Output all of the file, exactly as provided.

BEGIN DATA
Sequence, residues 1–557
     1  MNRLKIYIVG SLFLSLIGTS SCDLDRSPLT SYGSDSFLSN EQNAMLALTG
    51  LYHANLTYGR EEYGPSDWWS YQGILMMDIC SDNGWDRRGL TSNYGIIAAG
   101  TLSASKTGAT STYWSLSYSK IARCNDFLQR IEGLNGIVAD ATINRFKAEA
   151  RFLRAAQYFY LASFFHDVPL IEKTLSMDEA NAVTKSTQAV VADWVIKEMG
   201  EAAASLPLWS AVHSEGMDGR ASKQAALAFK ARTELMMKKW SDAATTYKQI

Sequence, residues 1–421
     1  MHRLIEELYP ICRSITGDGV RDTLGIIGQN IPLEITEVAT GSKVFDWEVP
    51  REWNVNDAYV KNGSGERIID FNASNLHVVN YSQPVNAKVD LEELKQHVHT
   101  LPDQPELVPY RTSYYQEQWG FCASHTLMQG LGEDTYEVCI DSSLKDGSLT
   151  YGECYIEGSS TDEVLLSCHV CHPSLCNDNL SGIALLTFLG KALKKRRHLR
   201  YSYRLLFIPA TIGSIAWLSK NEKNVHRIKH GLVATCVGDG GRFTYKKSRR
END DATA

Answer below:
Sequence, residues 1–557
     1  MNRLKIYIVG SLFLSLIGTS SCDLDRSPLT SYGSDSFLSN EQNAMLALTG
    51  LYHANLTYGR EEYGPSDWWS YQGILMMDIC SDNGWDRRGL TSNYGIIAAG
   101  TLSASKTGAT STYWSLSYSK IARCNDFLQR IEGLNGIVAD ATINRFKAEA
   151  RFLRAAQYFY LASFFHDVPL IEKTLSMDEA NAVTKSTQAV VADWVIKEMG
   201  EAAASLPLWS AVHSEGMDGR ASKQAALAFK ARTELMMKKW SDAATTYKQI

Sequence, residues 1–421
     1  MHRLIEELYP ICRSITGDGV RDTLGIIGQN IPLEITEVAT GSKVFDWEVP
    51  REWNVNDAYV KNGSGERIID FNASNLHVVN YSQPVNAKVD LEELKQHVHT
   101  LPDQPELVPY RTSYYQEQWG FCASHTLMQG LGEDTYEVCI DSSLKDGSLT
   151  YGECYIEGSS TDEVLLSCHV CHPSLCNDNL SGIALLTFLG KALKKRRHLR
   201  YSYRLLFIPA TIGSIAWLSK NEKNVHRIKH GLVATCVGDG GRFTYKKSRR